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Dual diploma or degree dilemma

By Aaraksh Siwakoti

A college diploma opens up a world of possibilities for you. But is just one enough to get you that dream job you’ve always wanted, or should you head to university and pad your resumé?

For graduates, the workforce is usually the ideal destination after college but some opt to return in order to obtain another diploma or degree to help them compete in their chosen field.

And students who return to college often do so because they find the competition in the workforce to be stronger than they expected and the university route to be too time-consuming.

“I’m not a fan of the university setting,” said Samantha Billings-Turner, an early childhood education student and a graduate of the recreation and leisure services program. “The whole lecture hall and theoretical work isn’t really my idea of learning and I don’t want to spend four years on one degree. I like the hands-on approach you get from college.”

Though she found part-time employment at a local recreation centre after obtaining her first diploma, Billings-Turner found it more difficult to land a permanent one.

“I found that in order to find a good job in my field I needed to come back and do another diploma,” she said. “It’s tough out there in some fields with supply being more than demand; you need to separate yourself from your fellow graduates in order to land that job you’ve always wanted.”

She’s not alone. According to Colleges Ontario, 28 per cent of Ontario graduates in 2011 chose to continue their education as a full-time or part-time student.

“Employers always looked at my resumé and were impressed with the diploma and certificate I had,” said Billings-Turner, also a crisis management and human psychology graduate. “But I felt like the job I wanted warranted another diploma, so I came back. I know they will definitely help me alongside my ECE diploma.”

Although some students return to boost their hiring chances, some return to change their career path and see college as the only viable option.

“I just couldn’t find the job I wanted through my first diploma,” said Garrett Hansen, a graduate of the music industry arts program and returning student in the electrical engineering technician program. “I had job offers but they weren’t quite the ones I was looking for. I ended up working with my uncle in the summer as an (electrician) apprentice and just loved it. I decided that this is what I wanted to do as a career and Algonquin has a great program, plus I graduated from there so it was a no-brainer to go back.”

Hansen felt that his first diploma helped him in the workforce but it really wasn’t what he wanted to do and that going back was the best option for him since he was headed into the trades this time around.

“I’ve always heard great things about the trades at Algonquin,” he said. “This is something I know I want to do so why not go back to the school that I enjoyed going to before? University is expensive and there isn’t really a degree that I want to pursue which would help me in my field.”

Students like Billings-Turner and Hansen factored time and money into their decision when choosing where to continue their education but others find that university is the better option when they are looking to advance in their field.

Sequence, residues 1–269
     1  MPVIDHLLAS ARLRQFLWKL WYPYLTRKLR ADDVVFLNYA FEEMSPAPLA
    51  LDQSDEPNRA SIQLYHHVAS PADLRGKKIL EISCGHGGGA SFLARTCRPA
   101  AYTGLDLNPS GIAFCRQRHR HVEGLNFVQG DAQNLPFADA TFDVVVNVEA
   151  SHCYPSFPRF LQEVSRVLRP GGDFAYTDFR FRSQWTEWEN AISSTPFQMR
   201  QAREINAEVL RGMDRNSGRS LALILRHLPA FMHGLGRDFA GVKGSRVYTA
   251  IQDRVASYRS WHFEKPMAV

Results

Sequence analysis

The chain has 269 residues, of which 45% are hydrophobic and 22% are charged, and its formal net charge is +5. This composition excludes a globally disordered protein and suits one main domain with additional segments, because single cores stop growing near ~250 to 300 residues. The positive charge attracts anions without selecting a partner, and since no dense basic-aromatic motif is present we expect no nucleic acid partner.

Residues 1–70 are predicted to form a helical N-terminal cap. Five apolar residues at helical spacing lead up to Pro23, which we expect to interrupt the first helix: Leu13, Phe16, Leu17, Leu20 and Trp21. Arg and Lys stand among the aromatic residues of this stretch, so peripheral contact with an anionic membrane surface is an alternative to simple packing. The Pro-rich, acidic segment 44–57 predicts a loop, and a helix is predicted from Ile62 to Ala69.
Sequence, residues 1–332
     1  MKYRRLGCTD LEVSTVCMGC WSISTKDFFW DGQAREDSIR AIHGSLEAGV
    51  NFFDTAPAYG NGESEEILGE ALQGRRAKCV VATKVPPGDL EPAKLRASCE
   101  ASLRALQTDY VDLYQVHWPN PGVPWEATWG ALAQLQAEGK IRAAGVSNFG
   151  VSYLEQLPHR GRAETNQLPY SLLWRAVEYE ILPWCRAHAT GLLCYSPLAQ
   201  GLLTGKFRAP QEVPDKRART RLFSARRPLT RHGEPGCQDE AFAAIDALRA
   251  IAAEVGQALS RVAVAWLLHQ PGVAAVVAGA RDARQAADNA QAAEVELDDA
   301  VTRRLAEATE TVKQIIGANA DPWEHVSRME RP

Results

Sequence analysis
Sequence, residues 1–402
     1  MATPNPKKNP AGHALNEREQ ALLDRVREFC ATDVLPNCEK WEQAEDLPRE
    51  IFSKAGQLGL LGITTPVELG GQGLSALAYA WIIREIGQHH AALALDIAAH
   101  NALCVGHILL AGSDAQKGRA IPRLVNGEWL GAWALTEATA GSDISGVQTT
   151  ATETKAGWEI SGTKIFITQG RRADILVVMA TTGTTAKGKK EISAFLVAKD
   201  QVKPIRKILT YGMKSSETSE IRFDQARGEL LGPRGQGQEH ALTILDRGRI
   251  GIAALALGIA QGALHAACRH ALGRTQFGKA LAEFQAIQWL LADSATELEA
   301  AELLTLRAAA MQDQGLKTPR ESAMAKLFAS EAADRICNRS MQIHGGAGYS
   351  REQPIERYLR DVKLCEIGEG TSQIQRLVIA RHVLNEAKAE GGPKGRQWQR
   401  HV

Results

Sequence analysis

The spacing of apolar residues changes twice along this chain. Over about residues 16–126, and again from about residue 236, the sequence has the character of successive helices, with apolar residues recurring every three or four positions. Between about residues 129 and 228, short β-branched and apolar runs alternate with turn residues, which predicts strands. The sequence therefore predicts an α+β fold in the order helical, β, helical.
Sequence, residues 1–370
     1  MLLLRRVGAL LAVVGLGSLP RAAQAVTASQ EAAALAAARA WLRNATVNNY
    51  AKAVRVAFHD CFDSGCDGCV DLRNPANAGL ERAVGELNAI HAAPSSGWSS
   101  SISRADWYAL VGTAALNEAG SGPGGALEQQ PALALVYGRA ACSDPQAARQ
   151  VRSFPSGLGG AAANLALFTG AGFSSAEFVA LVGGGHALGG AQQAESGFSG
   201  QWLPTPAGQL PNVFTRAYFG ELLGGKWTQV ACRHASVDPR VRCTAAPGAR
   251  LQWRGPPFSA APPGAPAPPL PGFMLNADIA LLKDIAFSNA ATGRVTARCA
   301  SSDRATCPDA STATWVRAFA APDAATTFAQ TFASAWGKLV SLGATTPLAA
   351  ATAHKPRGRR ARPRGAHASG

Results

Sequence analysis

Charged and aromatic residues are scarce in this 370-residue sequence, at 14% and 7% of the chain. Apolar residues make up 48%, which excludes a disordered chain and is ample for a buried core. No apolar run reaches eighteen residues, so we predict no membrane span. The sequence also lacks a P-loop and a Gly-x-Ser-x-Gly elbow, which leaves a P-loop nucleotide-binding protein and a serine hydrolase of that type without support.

“My diploma was a good way to get me started as a social worker,” said Josh Davidson, a graduate of the social service worker program and current social work undergraduate at Dalhousie. “I had a great placement through Algonquin and landed a job through it, but I wanted to do more and have way more advancement opportunities and I felt that a degree would go along way in that regard. So I decided to apply to get my bachelors, which I hope opens up more doors than just my diploma could.”

Though the job market is tough at the moment, some graduates see this as an opportunity to upgrade their education in order to have a stronger chance to land a job in their field later on.

“There weren’t that many full-time jobs in Ottawa after I graduated from college,” said Dominic Pacheco, a practical nursing program graduate. “I decided going to university to get my RPN (registered practical nursing degree) was a better decision at the time than going to get another diploma and would definitely help me land a full-time job in the long run as a nurse.”

With many options available to students after graduation returning to college or continuing your education in university are strong choices but searching for the right path is ultimately your decision.

“Whether you choose to return to college after graduation or not is your decision alone, “ said Pacheco. “There are countless ways to achieve the goals you have set for yourself. Mine was to go to university. What worked for me might not work for someone else, but then again, they will find what’s best for themselves in the end.”

 

The Algonquin Times is a newspaper produced by journalism and advertising students for the Algonquin College community. Follow us on social media! Algonquin Times Twitter Twitter (Events & Promos) Facebook Facebook (Events & Promos) Instagram Snapchat

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